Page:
The trust that these young have in their elders is evidence in their body language, their cries and their gazes. Reaching up to the sky with what little strength and trunk control they have, the youngest fondly caress the trunk and mouth of stooping elders. With delightful squeals and a skip underfoot, they exhibit a freedom and a soul that's seemingly untouched and unrivalled by humans.

This is how an elephant's life should start.

Extract from the TarajiBlue book, Vulnerable Giants. http://www.tarajiblue.com/books/
#worldelephantday   #elephantwednesday   #elephantfriday   #elephant   #africantuesday  
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This is a re-share of a previus blog post, but it is a memory so precious to me and fits perfectly with the TarajiBlue theme of ‘Close Encounter’s…

I love nothing more than encountering new wildlife when on holidays, and my ultimate favourite has to been the Floridian manatee…

My first encounter with a manatee was during a trip to SeaWorld, Florida when much younger. My family and I immediately fell in love with these giant gentle beasts of the rivers. I recall standing in a circular underground theatre in SeaWorld, watching a film narrated by a wee girl who had spotted a strange animal in the water. Her father explained it was a manatee and invited us all to walk through to doors at the back of the room to meet one for ourselves. There we entered an underground aquarium and behind a 20 foot high glass wall a manatee ‘hung’ in the water, flipper bent and its face scarred from a collision with a outboard motor. I immediately fell in love with the animal and was enraptured by its gentle gaze, its comforting presence and its vulnerability. I was rooted to the spot for an hour, refusing to be moved by tour groups, parents or officials. There and then, with tears in my eyes, I named it my most favourite animal and vouched never to forget it as it rotated slowly, round and round in the water, powered by the one working flipper it had. That’s when my manatee obsession started.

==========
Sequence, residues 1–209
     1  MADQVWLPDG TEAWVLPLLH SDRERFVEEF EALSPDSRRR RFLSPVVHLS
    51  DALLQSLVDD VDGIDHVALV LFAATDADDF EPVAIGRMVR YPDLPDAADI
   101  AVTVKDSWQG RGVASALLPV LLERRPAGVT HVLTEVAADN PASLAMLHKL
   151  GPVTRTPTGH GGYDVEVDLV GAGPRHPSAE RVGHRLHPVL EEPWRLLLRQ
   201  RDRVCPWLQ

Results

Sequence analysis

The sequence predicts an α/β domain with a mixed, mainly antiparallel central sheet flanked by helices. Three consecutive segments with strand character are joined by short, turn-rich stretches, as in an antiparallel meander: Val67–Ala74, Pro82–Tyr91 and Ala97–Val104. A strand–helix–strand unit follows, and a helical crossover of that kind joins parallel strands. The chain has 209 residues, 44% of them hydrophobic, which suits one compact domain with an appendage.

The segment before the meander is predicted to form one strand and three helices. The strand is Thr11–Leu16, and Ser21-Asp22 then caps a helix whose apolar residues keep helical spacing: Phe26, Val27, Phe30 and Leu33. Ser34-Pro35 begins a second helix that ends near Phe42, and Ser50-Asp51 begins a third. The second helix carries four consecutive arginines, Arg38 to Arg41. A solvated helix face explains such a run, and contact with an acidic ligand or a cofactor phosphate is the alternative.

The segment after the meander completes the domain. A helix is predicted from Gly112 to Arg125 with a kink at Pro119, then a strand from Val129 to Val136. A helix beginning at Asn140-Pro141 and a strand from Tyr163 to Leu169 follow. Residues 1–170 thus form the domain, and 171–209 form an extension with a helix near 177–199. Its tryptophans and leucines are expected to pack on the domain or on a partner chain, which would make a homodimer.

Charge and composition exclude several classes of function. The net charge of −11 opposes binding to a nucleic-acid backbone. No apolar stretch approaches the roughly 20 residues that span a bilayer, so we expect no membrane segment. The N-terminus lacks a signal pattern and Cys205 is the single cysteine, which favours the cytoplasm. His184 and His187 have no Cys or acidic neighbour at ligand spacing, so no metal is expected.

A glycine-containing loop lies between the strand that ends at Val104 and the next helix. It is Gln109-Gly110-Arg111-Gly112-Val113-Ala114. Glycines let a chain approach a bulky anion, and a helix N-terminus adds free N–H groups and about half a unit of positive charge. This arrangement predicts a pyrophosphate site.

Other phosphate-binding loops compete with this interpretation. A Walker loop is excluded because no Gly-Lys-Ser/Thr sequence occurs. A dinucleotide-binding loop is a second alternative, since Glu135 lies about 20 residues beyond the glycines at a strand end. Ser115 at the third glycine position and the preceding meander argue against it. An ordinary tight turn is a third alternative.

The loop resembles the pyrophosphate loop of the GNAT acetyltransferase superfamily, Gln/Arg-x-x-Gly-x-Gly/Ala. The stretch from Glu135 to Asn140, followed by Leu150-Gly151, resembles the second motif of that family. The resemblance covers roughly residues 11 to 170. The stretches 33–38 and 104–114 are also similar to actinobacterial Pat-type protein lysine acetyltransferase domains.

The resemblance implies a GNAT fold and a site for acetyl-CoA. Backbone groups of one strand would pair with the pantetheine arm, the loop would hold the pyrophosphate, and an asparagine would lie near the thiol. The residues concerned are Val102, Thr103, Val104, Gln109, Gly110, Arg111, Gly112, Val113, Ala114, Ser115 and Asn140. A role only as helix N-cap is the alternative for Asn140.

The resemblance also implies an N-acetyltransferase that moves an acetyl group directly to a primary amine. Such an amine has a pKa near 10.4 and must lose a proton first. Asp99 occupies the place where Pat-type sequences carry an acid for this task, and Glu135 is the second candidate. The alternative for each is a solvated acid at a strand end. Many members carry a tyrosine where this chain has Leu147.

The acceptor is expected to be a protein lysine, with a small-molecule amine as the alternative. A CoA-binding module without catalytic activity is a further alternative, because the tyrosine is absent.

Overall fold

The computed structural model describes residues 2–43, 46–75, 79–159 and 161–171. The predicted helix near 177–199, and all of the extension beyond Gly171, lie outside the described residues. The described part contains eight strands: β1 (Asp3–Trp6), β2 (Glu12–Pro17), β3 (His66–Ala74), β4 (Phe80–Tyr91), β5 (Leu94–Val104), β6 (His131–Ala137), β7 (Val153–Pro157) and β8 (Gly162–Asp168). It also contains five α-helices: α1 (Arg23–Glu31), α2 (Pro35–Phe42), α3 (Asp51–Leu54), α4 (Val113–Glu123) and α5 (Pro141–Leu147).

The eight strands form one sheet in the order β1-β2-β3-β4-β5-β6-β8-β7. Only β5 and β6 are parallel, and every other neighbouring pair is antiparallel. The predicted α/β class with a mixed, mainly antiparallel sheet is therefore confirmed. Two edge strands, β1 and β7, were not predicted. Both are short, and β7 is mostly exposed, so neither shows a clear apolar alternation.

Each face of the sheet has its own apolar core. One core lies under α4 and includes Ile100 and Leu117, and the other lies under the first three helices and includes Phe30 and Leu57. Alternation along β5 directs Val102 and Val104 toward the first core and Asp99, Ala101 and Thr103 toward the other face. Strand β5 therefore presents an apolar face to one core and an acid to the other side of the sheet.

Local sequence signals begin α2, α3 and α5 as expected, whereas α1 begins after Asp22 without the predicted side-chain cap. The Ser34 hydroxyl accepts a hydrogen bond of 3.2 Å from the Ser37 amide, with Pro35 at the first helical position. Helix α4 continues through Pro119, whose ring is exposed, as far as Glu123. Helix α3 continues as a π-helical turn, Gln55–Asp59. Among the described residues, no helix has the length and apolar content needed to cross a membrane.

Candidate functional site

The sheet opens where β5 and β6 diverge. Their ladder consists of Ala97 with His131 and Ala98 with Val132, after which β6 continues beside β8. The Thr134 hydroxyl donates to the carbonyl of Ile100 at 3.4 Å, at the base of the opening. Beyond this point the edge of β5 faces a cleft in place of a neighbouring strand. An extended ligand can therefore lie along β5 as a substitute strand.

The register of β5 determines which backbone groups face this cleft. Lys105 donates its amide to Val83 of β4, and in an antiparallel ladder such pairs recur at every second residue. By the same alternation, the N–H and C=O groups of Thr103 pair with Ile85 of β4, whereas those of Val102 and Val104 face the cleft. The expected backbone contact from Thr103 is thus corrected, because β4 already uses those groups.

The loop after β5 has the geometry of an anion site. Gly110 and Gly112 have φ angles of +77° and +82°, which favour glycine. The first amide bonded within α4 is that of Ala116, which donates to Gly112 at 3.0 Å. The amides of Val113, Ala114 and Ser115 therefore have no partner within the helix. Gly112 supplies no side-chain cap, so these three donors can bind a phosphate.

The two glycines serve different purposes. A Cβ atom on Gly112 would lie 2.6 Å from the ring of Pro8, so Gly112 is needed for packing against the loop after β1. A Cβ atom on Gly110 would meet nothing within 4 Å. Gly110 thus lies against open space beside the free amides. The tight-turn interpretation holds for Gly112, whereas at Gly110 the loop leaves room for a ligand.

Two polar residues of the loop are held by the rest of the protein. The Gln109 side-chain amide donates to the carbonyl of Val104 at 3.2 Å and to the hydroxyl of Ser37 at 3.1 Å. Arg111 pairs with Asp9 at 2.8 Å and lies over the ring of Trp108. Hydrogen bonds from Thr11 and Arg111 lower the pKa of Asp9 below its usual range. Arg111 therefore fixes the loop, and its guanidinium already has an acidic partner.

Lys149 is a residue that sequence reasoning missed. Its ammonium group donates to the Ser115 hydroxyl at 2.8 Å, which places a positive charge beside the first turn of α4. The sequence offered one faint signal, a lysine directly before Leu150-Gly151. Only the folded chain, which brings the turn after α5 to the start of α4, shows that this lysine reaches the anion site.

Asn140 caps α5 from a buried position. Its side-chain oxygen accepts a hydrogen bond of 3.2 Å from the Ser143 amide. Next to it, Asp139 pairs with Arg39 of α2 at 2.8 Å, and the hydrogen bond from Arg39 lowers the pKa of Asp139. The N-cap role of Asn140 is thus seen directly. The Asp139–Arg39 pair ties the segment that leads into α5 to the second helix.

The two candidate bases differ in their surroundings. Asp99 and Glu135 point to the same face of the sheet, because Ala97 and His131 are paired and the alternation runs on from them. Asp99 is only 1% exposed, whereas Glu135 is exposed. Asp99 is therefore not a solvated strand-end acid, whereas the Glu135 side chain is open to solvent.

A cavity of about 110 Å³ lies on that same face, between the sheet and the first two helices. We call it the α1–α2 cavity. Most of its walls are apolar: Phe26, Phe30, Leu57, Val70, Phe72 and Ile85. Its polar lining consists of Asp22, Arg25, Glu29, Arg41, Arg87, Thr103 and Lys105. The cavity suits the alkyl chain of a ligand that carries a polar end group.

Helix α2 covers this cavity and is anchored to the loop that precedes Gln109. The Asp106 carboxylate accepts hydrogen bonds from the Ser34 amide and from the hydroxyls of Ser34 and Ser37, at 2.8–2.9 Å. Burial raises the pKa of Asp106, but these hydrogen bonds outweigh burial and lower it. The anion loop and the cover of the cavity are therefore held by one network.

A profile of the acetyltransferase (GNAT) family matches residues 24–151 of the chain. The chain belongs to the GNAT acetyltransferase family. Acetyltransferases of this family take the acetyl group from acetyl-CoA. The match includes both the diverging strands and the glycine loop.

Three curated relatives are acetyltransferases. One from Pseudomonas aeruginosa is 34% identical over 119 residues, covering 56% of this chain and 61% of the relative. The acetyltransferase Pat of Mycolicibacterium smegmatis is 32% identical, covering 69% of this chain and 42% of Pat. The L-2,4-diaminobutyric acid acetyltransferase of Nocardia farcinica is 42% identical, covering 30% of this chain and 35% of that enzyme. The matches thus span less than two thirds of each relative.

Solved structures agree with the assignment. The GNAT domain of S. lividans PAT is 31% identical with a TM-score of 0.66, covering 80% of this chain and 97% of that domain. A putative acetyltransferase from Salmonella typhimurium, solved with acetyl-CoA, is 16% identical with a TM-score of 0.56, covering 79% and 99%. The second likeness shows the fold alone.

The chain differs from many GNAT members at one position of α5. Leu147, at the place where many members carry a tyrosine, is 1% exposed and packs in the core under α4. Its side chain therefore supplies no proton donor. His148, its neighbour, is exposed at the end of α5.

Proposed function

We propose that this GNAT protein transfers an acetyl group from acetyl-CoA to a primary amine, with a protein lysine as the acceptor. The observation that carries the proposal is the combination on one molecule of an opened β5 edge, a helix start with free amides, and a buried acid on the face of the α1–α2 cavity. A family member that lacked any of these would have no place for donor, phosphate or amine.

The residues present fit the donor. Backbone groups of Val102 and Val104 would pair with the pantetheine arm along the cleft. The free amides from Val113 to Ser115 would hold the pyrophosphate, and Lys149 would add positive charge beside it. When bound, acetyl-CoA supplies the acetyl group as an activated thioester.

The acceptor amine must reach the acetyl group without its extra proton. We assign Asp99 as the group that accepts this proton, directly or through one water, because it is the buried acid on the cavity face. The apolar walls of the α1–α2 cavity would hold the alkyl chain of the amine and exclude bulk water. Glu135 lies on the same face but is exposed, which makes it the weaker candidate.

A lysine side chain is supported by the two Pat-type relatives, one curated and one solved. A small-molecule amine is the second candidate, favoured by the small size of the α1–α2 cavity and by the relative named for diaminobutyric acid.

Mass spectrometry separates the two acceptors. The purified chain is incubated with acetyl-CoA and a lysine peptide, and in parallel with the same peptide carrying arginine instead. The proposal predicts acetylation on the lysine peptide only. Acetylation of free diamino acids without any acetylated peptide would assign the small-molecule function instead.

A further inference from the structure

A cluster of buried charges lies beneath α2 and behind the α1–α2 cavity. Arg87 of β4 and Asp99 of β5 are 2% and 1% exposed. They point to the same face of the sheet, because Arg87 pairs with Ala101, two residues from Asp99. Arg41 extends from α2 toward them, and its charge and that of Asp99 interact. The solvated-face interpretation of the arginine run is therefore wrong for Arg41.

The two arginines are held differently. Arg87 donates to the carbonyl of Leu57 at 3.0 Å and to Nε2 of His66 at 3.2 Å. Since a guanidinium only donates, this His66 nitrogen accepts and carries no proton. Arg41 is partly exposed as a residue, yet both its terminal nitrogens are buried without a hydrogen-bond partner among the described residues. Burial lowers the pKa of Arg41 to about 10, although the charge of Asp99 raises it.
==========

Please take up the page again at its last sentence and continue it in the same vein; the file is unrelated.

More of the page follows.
You can only imagine, therefore, how ecstatic I was when, 20 years or so later, I had the opportunity to swim with manatees in the wild for my 30th birthday. It was a dream come true and I struggled to keep my emotions in check both during the experience and in the build up to it.

Read on @ TarjiBlue